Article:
Discussion Questions

These questions help students explore the major ideas and themes in the film. Read a Program Summary for descriptions of specific program segments.

Before Watching

1. Two of Truman's most famous mottos were: "The buck stops here" and "If you can't stand the heat, get out of the kitchen." Invite students to explore these aphorisms. What do they think Truman meant by them? Do they agree with them? As they watch the video, have them take notes as to what actions or policies expressed these philosophies. When was Truman able to live up to these mottos? How? When wasn't he able to? Why?

2. When Truman left office, he had the lowest approval rating of any president ever. As they watch the video, have students note the reasons for his unpopularity and prepare their own "report card" on Truman. Ask them to grade him in the following areas: Domestic Policy, Foreign Policy, Leadership, Decision-Making.

3. Ask students to contribute what they know about the atomic bomb. What was it? Why was it developed? Why was it used? Should it ever be used again? If so, why? What impact did dropping the atomic bomb have on the country? On the world? As they watch the video, have students note Truman's statements regarding the bomb.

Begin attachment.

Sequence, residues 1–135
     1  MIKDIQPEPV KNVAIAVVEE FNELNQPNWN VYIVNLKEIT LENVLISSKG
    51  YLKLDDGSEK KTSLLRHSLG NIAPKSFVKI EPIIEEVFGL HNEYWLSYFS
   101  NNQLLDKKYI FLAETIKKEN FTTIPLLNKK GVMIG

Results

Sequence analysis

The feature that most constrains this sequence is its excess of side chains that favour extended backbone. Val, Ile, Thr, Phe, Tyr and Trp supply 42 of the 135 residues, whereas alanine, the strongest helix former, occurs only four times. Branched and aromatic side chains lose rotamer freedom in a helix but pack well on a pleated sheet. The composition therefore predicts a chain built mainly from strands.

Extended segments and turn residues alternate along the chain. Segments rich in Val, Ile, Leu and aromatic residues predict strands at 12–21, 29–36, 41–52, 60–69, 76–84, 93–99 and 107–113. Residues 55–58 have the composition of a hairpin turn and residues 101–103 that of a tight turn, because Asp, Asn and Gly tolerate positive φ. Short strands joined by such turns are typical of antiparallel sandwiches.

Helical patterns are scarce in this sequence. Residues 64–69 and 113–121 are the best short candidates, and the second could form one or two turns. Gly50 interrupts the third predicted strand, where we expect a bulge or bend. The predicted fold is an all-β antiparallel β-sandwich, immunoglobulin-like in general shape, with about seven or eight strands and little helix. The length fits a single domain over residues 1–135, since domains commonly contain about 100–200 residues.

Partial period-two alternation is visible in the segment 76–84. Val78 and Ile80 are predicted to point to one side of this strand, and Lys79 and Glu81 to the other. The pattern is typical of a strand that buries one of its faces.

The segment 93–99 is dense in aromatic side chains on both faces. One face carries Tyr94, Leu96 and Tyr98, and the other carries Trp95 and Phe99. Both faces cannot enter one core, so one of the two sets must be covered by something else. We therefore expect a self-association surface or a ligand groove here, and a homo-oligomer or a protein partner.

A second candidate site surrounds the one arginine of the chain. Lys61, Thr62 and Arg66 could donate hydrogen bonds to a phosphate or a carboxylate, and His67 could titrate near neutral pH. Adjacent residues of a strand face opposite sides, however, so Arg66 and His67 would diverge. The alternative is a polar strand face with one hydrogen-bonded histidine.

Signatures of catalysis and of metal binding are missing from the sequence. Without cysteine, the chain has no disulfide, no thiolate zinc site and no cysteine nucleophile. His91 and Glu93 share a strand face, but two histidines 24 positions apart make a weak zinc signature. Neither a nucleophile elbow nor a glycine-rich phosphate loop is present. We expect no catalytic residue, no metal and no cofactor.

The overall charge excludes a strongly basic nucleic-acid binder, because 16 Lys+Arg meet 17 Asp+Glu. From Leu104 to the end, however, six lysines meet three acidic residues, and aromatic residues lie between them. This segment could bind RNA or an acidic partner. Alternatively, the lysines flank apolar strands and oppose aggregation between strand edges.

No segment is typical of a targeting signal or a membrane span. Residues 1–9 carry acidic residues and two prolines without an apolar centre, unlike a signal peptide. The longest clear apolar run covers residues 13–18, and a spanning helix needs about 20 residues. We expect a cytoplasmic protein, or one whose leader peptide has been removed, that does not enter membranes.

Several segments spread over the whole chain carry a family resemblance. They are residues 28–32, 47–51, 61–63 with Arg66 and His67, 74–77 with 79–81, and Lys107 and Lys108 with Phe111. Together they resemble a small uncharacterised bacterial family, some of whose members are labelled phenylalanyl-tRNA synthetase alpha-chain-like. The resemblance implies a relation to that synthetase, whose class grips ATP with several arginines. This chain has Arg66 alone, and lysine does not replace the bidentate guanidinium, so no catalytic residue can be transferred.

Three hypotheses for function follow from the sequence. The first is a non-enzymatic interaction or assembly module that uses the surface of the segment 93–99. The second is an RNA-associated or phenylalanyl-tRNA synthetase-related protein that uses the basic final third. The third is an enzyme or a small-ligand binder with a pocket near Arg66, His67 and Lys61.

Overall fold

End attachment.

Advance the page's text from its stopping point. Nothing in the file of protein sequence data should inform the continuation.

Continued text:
After Watching

1. Truman's reputation has undergone a transformation over the last 40 years and he is now rated much more favorably by historians and others. Ask students to share their report cards on Truman. How did they rate him and why? Why do they think public opinion changed since his time? How does the passage of time contribute to or change how we view a president's performance?

2. Review Bess Truman's feelings about being first lady and her behavior as first lady. What was her influence on Truman? What was her affect on his presidency? How might she have been regarded today by the American people and/or the media? How might she have reacted to today's media spotlight? Have students compare Bess Truman's style to a more active first lady, such as Eleanor Roosevelt or Hillary Clinton.

3. Discuss with students what were some of the effects of the bombing of Hiroshima and Nagasaki, apart from forcing Japan to surrender. What did this demonstration of unprecedented power accomplish, in addition to ending the war? Continue the discussion by asking students how Truman's decision to drop the bomb changed international politics afterward. Why hasn't the U.S. or any other country used the bomb again? What if Truman had never used it?


Early Career -- World War I Journal

Suppose you are Harry Truman, leading Battery D during World War I. Write a journal entry telling how you feel as a leader and about the war, including your hopes and fears about your personal performance. Good resources for this project include Dear Bess, a book that includes letters from Truman to his wife during World War I and the program transcript. (Program References: Chapters 5-8)